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Robot Traffic Cops Help Beat Congestion In Kinshasa

posted 27 Dec 2013, 06:10 by Mpelembe   [ updated 27 Dec 2013, 06:10 ]

Kinshasa has adopted an innovative way of managing traffic along its city streets, by installing robot cops to direct and monitor traffic along roads instead of using normal policemen to reduce congestion.

KINSHASA, DRC (REUTERS) -  Rush hour traffic is slowly easing up along the intersection of Boulevard Triomphal and Huileries Avenue, in Kinshasa, located along the axis of Patrick Lumumba Boulevard, thanks to the two new robot cops in town.

They may not have real eyes, but new traffic policemen still sport Kinshasa's usual signature cop sunglasses.

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Two human-like robots were recently installed here to help tackle the hectic traffic usually experienced in the area.

The prototypes are equipped with four cameras that allow them to record traffic flow; the information is then transmitted to a centre where traffic infractions can be analyzed.

The team behind the new robots are a group of Congolese engineers based at theKinshasa Higher Institute of Applied Technique, known by its French acronym, ISTA.

The group is headed by Isaie Therese, an engineer who also studied at the institute.

"Our robot is a humanoid, we have taken the form of a human, it's a design quality that copies the style of a real policeman, because our policeman really like sunglasses, so the sun does not damage their eyes, that's why we have hidden the robot's eyes with sunglasses, like a real policeman," she said.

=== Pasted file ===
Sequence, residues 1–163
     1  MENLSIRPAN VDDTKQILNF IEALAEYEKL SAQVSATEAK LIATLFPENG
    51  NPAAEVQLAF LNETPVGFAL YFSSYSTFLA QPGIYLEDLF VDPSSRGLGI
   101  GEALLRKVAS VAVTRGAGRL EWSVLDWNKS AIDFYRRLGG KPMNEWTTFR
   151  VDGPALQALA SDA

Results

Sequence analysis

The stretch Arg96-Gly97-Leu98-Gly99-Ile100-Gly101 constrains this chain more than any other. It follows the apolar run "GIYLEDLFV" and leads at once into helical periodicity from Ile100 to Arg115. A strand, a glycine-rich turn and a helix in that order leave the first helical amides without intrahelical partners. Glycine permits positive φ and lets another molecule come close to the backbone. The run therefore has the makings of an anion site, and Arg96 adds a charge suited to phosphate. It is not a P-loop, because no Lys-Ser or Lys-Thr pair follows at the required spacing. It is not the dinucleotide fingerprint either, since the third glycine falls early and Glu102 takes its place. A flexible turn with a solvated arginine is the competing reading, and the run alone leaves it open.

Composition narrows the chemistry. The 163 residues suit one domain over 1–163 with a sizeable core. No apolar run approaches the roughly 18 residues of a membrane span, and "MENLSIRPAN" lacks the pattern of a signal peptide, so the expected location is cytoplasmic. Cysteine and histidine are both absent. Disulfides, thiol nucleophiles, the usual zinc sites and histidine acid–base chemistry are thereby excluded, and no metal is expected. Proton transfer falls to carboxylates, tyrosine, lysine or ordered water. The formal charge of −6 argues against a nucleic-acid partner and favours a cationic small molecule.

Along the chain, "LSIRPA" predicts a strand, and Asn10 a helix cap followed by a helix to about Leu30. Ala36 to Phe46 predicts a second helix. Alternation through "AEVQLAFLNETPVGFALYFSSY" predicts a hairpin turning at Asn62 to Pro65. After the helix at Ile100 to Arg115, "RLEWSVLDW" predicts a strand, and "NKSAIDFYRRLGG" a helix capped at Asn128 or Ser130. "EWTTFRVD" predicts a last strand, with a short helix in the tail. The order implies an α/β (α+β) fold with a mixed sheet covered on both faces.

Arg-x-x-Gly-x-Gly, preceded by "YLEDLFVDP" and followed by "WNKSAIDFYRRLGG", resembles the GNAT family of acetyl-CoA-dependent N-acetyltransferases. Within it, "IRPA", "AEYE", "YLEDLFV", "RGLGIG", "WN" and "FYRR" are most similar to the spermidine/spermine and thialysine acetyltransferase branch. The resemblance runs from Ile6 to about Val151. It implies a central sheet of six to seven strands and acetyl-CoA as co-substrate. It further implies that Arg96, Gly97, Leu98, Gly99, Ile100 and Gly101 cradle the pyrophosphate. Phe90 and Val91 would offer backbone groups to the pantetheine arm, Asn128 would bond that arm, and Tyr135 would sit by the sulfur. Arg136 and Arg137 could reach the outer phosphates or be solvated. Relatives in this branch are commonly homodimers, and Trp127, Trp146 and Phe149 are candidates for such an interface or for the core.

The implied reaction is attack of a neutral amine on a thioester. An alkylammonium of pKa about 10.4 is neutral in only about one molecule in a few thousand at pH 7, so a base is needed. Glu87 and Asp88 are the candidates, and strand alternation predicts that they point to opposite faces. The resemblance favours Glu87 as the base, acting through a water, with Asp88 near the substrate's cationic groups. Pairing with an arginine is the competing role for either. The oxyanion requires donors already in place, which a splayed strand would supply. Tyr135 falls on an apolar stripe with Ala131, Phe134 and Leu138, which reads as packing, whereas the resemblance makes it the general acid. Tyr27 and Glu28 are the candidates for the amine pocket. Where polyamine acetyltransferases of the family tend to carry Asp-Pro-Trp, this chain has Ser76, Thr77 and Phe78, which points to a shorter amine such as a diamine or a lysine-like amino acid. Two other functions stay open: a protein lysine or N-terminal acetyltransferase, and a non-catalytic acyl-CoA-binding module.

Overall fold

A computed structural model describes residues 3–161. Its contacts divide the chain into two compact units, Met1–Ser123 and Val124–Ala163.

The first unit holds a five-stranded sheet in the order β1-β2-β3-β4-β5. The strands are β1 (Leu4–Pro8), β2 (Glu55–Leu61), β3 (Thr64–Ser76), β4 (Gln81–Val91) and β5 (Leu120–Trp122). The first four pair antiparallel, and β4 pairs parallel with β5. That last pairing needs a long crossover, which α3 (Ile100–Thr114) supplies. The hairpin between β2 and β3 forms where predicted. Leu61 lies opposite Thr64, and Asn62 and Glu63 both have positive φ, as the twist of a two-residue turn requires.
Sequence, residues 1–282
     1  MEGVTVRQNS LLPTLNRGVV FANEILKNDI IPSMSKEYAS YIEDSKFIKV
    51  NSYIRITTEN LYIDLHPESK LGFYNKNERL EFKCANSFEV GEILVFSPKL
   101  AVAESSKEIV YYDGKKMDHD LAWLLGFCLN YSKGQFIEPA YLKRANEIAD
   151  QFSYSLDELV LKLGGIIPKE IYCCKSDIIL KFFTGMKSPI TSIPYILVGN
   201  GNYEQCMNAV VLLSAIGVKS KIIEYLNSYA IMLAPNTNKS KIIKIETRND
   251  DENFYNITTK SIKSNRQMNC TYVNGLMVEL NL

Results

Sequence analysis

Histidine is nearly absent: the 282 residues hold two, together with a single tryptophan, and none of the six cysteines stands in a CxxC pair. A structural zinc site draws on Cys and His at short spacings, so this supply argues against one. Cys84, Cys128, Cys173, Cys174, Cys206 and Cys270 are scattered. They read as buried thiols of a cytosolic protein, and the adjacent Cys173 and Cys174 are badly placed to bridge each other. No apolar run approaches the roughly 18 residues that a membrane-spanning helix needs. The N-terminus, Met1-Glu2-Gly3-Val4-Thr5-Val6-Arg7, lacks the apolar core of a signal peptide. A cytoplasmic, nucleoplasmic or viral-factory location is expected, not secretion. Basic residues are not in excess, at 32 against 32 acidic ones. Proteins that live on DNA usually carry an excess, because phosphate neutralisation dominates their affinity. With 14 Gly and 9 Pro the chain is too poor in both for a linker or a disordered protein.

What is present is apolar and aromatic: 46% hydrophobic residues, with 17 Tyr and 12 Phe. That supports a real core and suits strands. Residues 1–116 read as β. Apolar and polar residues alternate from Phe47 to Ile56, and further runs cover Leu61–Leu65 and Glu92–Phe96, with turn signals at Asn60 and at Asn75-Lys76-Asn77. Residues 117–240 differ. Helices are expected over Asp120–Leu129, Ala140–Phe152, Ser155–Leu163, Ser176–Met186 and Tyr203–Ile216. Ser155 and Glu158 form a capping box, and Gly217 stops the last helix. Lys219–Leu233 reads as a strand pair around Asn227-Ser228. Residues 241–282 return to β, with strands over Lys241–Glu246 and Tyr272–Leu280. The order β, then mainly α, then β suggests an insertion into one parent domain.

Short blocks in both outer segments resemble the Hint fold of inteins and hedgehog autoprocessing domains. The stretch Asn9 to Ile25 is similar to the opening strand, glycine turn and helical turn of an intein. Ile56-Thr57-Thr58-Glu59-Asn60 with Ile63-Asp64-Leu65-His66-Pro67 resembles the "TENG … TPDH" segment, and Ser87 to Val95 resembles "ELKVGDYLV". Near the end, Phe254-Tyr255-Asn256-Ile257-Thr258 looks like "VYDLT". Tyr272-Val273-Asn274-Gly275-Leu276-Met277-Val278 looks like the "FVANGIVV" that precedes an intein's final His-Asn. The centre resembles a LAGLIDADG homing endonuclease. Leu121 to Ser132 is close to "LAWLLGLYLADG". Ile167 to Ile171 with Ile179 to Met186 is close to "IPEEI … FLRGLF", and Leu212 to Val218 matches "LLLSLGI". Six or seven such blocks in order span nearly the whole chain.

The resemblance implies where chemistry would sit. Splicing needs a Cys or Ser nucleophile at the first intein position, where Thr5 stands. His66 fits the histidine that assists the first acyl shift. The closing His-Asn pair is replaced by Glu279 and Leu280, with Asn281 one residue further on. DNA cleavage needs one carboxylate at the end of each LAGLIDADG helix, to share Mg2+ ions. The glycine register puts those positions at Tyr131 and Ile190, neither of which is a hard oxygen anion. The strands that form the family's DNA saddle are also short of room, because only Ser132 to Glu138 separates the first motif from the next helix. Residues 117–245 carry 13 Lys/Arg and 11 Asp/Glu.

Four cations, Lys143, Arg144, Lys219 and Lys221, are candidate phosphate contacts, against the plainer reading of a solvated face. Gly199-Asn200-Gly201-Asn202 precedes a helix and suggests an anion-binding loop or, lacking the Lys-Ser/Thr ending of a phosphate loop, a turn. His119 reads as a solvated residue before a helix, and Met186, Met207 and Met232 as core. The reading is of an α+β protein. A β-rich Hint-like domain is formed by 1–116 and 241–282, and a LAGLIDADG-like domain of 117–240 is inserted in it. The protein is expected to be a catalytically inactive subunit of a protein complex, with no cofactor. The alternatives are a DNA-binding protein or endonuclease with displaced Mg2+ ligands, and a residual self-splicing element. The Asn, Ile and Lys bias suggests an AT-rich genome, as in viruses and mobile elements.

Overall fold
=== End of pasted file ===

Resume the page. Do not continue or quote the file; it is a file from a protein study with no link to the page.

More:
The robots are fabricated from aluminium and stainless steel to protect them against various elements. Solar panels power the robots 24 hours a day.

A number of residents have noticed the new developments in the the city and have mixed views on their presence.

"As a motorcyclist, I am very happy with the robot's work, because while the traffic police control the cars here, there is a lot of traffic, but since the robot arrived, we see truly that the commuters are respectful. When the robot gives the go-ahead, the people go. When he cuts them off, the people stop. But before, people driving refused to respect that, so now it is going better," said, Demouto Mutobmo, a Kinshasa resident.

"The policemen should come back to their posts and do what they need to do, arrest traffic offenders. The robot was not made to arrest offenders, act on accidents and other violations because if someone knocks someone off the road, the robot is not going to follow that work requires you to move." said another resident, Buanergesse Lukengu.

Authorities have been working to modernize certain busy intersections in Kinshasa, and install traffic signs along the roads.

According to Therese, these robots, originated in Africa, can do a lot for the region to help reduce the high number of accidents each year and bring order on the roads.

Therese hopes the government will support the imitative further and have them fitted on more roads in the city, she says this would be an investment that would help bring in revenue.

"The robot corresponds to international standards, if a driver says that he is not going to respect the robot, because it's just a machine, the robot is going to take that and there will be a ticket for him. We are a poor country, and our government is looking for money and I will tell you that with the roads the government has built, it needs to recover its money," she said.

So far, the robot traffic cops seem to be helping cut congestion on roads as authorities work on further plans to help build their way out of the problem in future.